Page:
Cheers
Millar

gaz
3-Jun-09, 04:15 PM
please dont mess things up for the rest of us, dont get me wrong we all are out for a bit of fun. but please invest in the silencer, it is not only the cost of the parts... its the cost to hovercrafting if you upset the public.

trev
3-Jun-09, 06:04 PM
Jon is that air intake silencer the sort of thing members are fitting to reduce noise?

I would have thought the air filter element would have to be inside the box with a air duct feeding it to really bring the noise down or am i missing something
Filters in open air are noisy and clog up with water and dust really quick
not good for a hovercraft in my opinion.
Trev

Jon Pert
3-Jun-09, 06:38 PM
We did some tests on it with Keiths noise cam and it did bring the noise down I believe, I forget by how much I'm sure Keith could let us know.

I ran a 447 on the Severn with an intake silencer and the filter didn't cause a problem (the bendy fuel pipe did though!) in the 3 or 4 hours it was out there.

An intake silencer and after muffler do help, as much as is possible with a 2-stroke. A well designed engine cover will also help to keep noise down and spray out, not so easy when the fan is driven off the gearbox though!

trev
3-Jun-09, 08:26 PM
The thing is you don`t need to bolt the air filter to the engine,it could be fitted lower down in the hover in a cleaner air position and linked to the engine air intake with ducting.
There are loads of after market parts available out there , a lot of them are not designed for our type of environment
In the real world machines designed to work in dusty or wet environments have good quality filters fitted to prevent down time on the job, I don't think hovercraft's are any different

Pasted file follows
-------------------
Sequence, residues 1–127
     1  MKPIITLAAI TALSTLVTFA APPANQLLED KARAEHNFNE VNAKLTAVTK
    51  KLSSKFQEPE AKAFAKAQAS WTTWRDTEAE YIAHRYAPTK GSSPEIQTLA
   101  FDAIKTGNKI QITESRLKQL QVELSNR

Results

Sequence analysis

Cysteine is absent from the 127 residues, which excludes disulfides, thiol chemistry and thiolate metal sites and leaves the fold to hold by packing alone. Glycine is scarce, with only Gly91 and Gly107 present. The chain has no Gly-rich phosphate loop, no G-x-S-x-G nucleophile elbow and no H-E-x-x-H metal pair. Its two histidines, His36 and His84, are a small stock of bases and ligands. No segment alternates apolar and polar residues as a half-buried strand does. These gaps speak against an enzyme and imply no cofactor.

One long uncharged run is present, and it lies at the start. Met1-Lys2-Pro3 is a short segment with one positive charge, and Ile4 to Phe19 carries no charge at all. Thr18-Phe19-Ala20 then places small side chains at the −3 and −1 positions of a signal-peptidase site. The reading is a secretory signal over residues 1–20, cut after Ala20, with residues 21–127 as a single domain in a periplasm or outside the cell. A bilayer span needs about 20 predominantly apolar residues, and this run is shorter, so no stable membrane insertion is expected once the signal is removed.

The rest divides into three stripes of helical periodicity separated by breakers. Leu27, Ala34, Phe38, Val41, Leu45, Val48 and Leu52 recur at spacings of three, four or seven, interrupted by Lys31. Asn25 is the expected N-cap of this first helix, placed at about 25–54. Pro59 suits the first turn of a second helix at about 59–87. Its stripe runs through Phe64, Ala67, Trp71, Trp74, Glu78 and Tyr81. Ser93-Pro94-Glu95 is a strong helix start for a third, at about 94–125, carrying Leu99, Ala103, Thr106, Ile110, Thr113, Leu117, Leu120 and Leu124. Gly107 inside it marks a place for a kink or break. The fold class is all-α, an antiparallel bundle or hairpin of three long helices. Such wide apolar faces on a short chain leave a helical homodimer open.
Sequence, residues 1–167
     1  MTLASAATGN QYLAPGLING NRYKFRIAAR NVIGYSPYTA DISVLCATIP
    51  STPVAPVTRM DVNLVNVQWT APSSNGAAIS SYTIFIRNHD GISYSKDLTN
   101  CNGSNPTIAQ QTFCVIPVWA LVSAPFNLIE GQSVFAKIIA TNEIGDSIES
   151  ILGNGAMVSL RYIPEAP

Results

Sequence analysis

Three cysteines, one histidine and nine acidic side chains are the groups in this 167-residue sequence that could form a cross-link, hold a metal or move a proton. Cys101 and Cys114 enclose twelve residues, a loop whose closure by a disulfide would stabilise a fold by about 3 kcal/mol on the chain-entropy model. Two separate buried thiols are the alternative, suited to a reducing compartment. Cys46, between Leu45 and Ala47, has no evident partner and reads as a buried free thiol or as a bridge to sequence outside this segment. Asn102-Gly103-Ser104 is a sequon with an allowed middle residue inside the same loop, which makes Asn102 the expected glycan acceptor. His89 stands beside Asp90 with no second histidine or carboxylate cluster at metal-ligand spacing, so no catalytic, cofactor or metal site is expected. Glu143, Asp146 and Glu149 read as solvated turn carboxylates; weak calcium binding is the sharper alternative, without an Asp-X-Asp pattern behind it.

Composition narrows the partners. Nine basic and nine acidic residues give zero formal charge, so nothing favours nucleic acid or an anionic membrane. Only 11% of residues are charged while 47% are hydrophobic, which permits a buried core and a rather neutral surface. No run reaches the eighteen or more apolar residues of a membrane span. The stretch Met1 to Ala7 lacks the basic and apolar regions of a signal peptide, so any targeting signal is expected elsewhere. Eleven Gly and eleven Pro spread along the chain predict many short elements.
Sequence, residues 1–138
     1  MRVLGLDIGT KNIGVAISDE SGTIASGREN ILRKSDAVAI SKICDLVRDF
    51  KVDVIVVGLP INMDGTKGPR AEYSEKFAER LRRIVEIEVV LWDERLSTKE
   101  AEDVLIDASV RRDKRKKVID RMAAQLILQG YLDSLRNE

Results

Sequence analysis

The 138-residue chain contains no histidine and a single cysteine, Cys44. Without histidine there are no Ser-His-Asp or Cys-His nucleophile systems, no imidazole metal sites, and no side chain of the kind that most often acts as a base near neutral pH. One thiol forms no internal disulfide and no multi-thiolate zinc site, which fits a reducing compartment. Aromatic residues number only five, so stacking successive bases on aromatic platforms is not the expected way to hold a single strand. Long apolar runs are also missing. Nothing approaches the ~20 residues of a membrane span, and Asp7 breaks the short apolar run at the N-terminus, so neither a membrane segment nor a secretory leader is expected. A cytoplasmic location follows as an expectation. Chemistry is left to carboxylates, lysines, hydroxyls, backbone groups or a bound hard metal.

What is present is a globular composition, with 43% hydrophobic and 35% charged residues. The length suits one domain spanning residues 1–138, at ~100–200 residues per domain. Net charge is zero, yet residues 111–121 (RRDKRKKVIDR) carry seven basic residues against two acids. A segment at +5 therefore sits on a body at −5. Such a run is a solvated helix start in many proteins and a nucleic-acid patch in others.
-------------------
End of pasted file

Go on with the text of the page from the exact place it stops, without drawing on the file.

Trev

Keith Oakley
3-Jun-09, 08:28 PM
From memory it dropped the intake noise significantly but the overall noise only came down a couple of dba (which isn't very significant) because of the fan noise - caused largely by turbulence from obstructions (frames, belts, splitters etc) being too close (within 100mm) of the fan. I was impressed by the low noise from a 50-60bhp rotax 2 stroke in a hovpod recently, due to the excellent air intake box and after muffler. The craft wasn't quiet overall because of fan noise probs but thats another story. It does show that a 2 stroke can be much quieter although I think its still beaten by a low revving (<4500rpm) 4 stroke.

The airbox is essientially a helmholtz resonator tuned to the engine firing frequency. In electrical terms the box acts as a capacitor supplying air quickly to the engine as it sucks air in on each cycle, whilst the intake to the airbox is a restricted size acting as a resistor to slow the refilling of the capacitor. This tuned circuit means that the pressure fluctuations (ie acoustic noise) reaching the outside world are smoothed (thus quieter). It does mean any old box won't do, it must be designed to fit that engine.

I would have thought an exposed mesh air filter wasn't a good idea, particularly with salt spray.

Keith

atters
4-Jun-09, 05:41 AM
OK, so what you saying is:

If I buy one of these air boxes, and a after muffler and then enclose the motor like I was going to anyway, and being that is is going on a Sev.

This should be enough to keep the green peace guys happy.? Right ?

Keith Oakley
4-Jun-09, 09:00 AM
...and keep any obstructions away from the prop. That'll make that particular design as quiet as you can, and thus more acceptable. But noise acceptance is subjective and without a stated dba limit and objective dba testing to prove you meet that limit you can't say it will be acceptable to everyone. but hey go for it!
Bye the way my tests show relatively little noise comes from the engine body (except in cases where the engine is about to seize) so enclose it for reliability reasons ok but don't forget its an air cooled engine and could overheat, especially in Africa!
Keith

atters
4-Jun-09, 12:47 PM
Yes I have solution to that, a gauze hole in front of the engine cover to let air flow through. If I can I also want to mount the motor just above the lift engine so that it gets as much air as possible but as low as I can for better wight distribution. The last thing I want is a top heavy craft that falls over every time I turn. With the fuel tanks placed on the floor on either end it should keep the craft well balanced.